Nissan, the second-biggest car maker in Japan has reported a sharp decline in its third quarter profit due to slump in China sales as well as weaker demand for its vehicles in the US and European markets.

Net income tumbled 54.1bn yen ($583m, £371m) in the three months through December, a 35 percent fall compared to the same period, a year ago. Analysts have estimated 59.7bn yen for the third quarter.

However, the Yokohama, Japan-based company held its full-year earnings outlook unchanged at 340bn yen.

Sales in China have been hit hard by protests over the territorial dispute between Japan and China which more than offset the benefits of yen depreciation for the company.

Nissan's sales in China slumped over 30 percent in the final three months of last year. China is the biggest market for Nissan as it sells one in four of its vehicles in the world's largest vehicle market.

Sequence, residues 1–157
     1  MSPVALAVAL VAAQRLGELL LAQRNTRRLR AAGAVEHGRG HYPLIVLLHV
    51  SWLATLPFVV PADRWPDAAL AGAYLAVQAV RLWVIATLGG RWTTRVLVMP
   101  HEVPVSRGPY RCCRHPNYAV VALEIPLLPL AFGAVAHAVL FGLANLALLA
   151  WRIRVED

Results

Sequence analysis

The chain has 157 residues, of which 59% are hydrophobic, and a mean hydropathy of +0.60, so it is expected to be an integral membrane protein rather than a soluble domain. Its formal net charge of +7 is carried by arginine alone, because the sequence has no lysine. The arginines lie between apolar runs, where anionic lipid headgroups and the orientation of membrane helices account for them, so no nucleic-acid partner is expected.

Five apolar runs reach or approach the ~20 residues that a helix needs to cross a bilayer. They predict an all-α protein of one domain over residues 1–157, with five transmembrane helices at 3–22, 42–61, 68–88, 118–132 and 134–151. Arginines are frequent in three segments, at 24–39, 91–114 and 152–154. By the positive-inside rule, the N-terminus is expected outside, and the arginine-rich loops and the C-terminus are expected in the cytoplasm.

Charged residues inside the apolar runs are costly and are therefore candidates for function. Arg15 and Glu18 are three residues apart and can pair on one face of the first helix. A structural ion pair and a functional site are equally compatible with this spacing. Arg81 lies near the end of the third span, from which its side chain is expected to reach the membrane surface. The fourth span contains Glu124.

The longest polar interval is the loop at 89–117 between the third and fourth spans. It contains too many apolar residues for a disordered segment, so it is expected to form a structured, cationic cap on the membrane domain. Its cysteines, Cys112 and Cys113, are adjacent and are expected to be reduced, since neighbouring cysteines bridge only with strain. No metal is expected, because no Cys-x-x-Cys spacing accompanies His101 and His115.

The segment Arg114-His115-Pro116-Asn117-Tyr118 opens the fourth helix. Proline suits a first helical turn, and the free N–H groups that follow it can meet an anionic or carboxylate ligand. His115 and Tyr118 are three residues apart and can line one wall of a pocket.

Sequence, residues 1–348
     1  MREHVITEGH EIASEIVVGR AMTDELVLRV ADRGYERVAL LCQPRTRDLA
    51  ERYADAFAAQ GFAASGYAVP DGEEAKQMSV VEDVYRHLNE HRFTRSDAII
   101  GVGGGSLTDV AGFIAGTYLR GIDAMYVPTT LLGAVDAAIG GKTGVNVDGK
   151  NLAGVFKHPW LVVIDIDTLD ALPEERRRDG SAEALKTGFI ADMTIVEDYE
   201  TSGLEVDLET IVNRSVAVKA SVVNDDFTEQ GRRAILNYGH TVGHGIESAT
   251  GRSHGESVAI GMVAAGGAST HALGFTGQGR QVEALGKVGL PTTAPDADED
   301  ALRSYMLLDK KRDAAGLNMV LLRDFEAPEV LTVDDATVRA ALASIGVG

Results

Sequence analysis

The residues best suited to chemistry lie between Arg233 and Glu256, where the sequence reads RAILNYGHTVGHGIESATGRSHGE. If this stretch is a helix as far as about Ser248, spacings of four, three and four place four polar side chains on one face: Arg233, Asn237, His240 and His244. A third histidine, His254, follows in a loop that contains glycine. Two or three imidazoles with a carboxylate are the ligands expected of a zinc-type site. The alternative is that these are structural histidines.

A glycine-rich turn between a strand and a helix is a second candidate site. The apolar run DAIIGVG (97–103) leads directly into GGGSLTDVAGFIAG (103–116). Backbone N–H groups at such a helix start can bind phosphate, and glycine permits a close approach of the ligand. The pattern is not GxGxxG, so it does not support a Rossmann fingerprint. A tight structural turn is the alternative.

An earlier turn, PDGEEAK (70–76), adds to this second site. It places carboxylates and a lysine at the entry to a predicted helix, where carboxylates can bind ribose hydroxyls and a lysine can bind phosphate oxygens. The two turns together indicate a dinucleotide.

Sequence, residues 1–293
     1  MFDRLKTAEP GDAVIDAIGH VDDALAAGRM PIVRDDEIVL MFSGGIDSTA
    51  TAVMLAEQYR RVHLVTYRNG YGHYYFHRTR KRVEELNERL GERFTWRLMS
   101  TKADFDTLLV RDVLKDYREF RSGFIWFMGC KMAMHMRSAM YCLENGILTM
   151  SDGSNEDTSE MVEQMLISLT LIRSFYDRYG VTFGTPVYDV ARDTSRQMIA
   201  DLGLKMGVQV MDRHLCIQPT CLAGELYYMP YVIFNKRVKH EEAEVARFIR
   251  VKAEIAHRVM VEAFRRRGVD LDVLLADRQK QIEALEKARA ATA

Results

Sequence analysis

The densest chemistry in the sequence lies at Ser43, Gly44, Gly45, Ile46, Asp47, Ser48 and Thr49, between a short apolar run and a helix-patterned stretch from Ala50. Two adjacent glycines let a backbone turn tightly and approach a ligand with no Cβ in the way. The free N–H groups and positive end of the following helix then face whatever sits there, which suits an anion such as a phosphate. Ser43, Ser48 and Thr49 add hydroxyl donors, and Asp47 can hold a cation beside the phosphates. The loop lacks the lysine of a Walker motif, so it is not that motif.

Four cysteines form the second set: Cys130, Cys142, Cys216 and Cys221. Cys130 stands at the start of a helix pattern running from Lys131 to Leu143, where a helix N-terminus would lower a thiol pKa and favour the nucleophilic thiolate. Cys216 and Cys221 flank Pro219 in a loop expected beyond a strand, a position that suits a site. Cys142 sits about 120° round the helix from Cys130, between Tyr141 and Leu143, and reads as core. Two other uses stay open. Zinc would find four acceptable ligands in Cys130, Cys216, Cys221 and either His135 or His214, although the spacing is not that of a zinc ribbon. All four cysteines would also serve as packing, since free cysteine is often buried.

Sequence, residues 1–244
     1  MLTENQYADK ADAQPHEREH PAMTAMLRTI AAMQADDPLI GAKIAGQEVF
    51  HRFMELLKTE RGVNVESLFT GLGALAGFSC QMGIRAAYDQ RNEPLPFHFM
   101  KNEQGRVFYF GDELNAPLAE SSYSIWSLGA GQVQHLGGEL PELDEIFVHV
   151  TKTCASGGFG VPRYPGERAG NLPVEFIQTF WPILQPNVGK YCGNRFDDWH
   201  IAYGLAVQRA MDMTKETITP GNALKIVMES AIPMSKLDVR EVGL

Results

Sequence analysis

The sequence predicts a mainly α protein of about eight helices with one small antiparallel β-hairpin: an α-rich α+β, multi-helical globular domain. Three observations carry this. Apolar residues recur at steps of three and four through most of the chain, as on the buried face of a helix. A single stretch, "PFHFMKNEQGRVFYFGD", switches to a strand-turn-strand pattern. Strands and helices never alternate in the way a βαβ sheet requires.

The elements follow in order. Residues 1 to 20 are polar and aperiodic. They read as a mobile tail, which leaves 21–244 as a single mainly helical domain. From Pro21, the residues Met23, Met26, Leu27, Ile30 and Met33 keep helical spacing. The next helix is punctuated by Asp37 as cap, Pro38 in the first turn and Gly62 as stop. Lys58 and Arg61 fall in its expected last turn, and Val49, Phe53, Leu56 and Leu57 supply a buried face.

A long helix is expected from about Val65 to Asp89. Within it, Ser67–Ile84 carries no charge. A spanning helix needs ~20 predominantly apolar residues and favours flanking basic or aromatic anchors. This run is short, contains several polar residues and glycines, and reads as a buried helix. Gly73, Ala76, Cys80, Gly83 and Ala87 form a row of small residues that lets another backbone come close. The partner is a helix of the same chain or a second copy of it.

"Nissan's performance in the third quarter did not meet our expectations. Looking forward, we have important vehicle launches. We anticipate further yen correction," said Carlos Ghosn, chief executive of Nissan Motors in a statement.

In other major markets such as the US and the Europe, Nissan's vehicles trailed behind products of rivals such as Toyota and Honda.

Sales in Europe fell 2.4 percent to 678,697 vehicles in 2012.

Toyota had recently raised its profit forecast to 10 percent while it expected operating income and revenue to climb 9.5 percent and 2.3 percent respectively.

Nissan shares fell 0.6 percent to close at 987 yen in Nikkei before the earnings announcement.